NASA said Friday it plans to attempt its long-awaited uncrewed mission to the moon as scheduled next Wednesday, after inspections revealed only minor damage from Hurricane Nicole’s passage through Florida.
Launching the Heavy Missile, the most powerful missile the contractors have ever built NASAis now scheduled to take place at 01:04 AM local time (0604 GMT) on Wednesday, with a potential launch window of two hours.
The uncrewed mission, dubbed Artemis 1, will bring the United States a step closer to returning astronauts to the moon five decades after humans last walked on the lunar surface.
The rocket will propel the empty Orion crew capsule to the Moon, without landing on its surface. If the launch goes as planned, the mission will last 25 1/2 days before the capsule returns on Dec. 11 with a splash down in the Pacific Ocean.
However, the US space agency does have “some work to do” before launch, Frey said, such as commissioning the vehicle and running some technical tests.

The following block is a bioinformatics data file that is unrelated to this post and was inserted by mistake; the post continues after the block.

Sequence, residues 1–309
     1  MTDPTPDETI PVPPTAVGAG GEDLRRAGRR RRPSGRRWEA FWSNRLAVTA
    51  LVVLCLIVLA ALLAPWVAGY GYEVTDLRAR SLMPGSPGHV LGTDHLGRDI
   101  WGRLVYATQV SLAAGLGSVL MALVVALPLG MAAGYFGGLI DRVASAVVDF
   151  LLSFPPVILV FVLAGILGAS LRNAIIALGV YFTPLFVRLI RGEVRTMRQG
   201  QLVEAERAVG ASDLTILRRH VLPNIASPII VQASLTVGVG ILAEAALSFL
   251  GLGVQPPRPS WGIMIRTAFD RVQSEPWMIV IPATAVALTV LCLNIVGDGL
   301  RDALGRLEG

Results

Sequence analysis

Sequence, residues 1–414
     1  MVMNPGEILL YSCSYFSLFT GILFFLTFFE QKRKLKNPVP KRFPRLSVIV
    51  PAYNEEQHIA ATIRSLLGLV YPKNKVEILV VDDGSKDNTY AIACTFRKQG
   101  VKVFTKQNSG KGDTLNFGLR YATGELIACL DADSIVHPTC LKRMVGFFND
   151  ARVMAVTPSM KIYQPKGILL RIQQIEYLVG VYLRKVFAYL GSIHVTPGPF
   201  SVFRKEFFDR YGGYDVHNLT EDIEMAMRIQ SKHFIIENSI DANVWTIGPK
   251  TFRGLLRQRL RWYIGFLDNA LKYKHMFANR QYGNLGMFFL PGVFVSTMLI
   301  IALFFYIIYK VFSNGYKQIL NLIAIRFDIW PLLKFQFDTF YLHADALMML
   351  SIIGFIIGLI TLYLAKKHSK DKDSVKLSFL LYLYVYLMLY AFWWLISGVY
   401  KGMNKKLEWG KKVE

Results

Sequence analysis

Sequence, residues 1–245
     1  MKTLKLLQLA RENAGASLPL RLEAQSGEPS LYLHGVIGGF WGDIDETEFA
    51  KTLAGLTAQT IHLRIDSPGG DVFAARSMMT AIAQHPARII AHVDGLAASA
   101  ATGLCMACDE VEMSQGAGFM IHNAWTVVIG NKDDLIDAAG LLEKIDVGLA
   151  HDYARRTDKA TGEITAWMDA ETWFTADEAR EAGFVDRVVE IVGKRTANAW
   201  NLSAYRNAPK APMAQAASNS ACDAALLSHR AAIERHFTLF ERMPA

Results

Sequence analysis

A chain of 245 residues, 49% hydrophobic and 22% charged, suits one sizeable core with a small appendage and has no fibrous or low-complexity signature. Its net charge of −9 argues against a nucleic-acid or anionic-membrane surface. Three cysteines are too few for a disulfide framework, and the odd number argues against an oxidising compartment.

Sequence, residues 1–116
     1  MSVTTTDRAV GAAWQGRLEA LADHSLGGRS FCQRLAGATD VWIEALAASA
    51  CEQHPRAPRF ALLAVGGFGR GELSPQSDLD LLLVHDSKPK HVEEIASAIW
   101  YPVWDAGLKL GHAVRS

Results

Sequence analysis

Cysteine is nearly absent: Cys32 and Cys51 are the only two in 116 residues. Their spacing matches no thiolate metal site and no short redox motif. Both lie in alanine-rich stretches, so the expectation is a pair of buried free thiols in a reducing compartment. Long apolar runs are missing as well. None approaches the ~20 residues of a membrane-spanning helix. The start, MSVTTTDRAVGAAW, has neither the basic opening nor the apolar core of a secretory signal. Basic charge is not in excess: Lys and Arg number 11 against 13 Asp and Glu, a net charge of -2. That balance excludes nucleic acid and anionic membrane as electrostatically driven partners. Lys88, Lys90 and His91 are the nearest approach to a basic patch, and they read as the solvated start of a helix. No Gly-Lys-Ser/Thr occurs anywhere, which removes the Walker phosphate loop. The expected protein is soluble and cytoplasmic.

One component on the base of the missile, which may have been damaged, may need to be replaced.
The highly anticipated launch has already been delayed three times in as many months.
Free, who is NASA’s associate official for Exploration Systems Development, said two backup launch dates have been set for Nov. 19 and Nov. 25, if needed.
Winds from Hurricane Nicole, a Category 1 storm, battered the rocket while it was standing on the launch pad at Kennedy Space Center. However, the wind speeds did not exceed the limits that the vehicle could handle, Frey said.
However, he acknowledged that if NASA had known a hurricane was approaching, the SLS rocket would have been left in the Vehicle Assembly Building.
The rocket was returned to the building in September to protect it from Hurricane Ian, but was returned to the launch pad a few days before Nicole’s arrival.
Artemis 1 will see the launch of the flagship Artemis programme, which aims to take the first woman and first person of color to the Moon by 2025 at the earliest.
NASA wants to establish a permanent human presence on the moon, including building a space station in lunar orbit. This is seen as a step that could lead to the first trip to Mars.